WEDNESDAY, Dec. 21, 2016 (HealthDay News) — Many patients with newly diagnosed unilateral breast cancer consider contralateral prophylactic mastectomy (CPM), according to a study published online Dec. 21 in JAMA Surgery.
Reshma Jagsi, M.D., D.Phil., from the University of Michigan in Ann Arbor, and colleagues examined patient motivations, knowledge, and decisions, and the impact of surgeon recommendations on use of CPM. A total of 2,402 women with newly diagnosed, unilateral, stage 0, I, or II breast cancer were surveyed.
The researchers found that 43.9 percent of women considered CMP (24.8 percent considered it strongly or very strongly); more than one-third (38.1 percent) of them knew that CPM does not improve survival for all women with breast cancer. Ultimately, 61.6, 21.2, and 17.3 percent received breast-conserving surgery, unilateral mastectomy, and CPM, respectively. On multivariable analysis, factors associated with CPM included younger age, white race, higher educational level, family history, and private insurance. For the 1,569 patients without high genetic risk or an identified mutation, 39.3 percent reported a surgeon recommendation against CPM; only 1.9 percent of these women underwent CPM. Among the women who received no recommendation from a surgeon, 19.0 percent underwent CPM.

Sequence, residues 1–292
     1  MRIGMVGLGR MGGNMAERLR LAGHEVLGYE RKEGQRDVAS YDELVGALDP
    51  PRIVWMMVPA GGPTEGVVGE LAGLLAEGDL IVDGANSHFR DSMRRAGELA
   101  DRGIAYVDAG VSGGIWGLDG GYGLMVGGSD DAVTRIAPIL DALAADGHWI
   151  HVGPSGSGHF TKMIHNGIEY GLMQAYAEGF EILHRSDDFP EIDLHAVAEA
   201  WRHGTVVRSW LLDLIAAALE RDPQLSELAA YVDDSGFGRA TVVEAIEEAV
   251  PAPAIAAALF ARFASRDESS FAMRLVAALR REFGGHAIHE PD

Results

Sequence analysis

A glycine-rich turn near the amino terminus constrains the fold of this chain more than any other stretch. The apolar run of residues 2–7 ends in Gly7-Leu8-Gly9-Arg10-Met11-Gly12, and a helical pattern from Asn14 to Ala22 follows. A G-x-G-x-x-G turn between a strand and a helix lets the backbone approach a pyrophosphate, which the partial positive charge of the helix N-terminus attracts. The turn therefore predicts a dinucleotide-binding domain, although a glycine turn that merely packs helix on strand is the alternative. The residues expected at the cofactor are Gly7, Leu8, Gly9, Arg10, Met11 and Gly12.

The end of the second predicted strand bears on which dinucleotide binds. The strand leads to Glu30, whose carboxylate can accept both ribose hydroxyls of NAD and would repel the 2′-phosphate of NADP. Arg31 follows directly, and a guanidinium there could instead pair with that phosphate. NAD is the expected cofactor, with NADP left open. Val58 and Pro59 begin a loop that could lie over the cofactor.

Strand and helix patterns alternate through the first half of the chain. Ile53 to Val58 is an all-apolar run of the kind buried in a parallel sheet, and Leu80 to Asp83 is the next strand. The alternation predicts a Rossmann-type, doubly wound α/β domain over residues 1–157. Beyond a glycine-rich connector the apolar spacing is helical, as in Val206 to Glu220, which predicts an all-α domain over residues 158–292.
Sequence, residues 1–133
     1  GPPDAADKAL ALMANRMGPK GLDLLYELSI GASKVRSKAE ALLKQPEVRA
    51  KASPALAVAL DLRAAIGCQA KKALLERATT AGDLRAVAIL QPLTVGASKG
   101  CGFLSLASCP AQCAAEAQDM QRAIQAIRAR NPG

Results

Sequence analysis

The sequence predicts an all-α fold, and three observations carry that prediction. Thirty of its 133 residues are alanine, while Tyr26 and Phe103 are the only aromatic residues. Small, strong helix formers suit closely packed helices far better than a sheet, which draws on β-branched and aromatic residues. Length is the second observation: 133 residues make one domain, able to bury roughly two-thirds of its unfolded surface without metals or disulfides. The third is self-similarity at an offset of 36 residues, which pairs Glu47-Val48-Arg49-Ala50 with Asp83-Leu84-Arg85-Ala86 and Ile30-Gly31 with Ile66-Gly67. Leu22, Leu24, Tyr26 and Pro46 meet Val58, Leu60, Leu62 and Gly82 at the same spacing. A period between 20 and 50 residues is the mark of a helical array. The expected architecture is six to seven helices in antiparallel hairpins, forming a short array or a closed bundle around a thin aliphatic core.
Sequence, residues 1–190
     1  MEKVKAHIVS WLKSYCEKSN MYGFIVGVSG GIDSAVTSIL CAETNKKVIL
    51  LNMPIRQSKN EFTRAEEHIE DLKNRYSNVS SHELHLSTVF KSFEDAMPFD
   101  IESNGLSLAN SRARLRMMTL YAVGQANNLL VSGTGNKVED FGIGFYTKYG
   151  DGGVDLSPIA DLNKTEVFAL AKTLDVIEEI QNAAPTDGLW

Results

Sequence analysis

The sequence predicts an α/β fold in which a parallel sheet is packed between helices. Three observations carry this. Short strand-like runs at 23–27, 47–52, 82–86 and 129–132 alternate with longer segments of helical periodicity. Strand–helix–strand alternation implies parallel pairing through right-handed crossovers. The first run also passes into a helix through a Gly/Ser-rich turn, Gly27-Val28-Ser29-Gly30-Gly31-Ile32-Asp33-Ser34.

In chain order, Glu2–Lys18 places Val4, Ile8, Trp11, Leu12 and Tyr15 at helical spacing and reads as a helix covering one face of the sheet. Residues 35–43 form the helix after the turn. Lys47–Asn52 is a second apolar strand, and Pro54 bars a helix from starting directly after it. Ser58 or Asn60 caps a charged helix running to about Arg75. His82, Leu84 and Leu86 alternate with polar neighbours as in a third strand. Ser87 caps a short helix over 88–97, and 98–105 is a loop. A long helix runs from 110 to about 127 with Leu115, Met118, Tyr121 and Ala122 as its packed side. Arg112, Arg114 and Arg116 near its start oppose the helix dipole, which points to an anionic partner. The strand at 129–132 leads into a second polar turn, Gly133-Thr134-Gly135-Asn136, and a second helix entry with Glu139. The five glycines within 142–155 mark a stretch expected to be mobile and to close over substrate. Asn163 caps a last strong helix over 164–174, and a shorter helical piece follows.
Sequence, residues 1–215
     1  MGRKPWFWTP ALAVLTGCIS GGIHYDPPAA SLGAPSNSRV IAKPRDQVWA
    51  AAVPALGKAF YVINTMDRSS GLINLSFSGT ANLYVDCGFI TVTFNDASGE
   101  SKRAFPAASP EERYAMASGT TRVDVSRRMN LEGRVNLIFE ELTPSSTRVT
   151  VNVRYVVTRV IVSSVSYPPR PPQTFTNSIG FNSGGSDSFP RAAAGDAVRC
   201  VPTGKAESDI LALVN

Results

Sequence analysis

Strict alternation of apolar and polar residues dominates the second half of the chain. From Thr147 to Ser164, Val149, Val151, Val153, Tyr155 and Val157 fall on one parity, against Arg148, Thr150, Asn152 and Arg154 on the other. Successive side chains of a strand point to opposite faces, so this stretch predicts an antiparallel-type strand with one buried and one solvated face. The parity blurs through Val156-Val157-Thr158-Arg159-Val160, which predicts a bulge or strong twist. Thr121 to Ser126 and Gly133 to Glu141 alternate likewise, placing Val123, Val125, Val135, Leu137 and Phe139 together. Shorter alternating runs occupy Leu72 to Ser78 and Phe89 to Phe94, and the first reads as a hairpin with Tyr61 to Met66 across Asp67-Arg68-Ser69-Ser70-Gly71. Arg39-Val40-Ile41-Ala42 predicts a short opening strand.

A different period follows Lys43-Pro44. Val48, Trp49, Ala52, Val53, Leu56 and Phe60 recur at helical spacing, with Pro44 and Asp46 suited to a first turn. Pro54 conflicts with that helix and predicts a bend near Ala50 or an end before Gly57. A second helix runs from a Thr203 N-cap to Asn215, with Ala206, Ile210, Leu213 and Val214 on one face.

“Many patients consider CPM, but knowledge about the procedure is low and discussions with surgeons appear to be incomplete,” the authors write. “More effective physician-patient communication about CPM is needed to reduce potential overtreatment.”
One author disclosed financial ties to the biotechnology industry.
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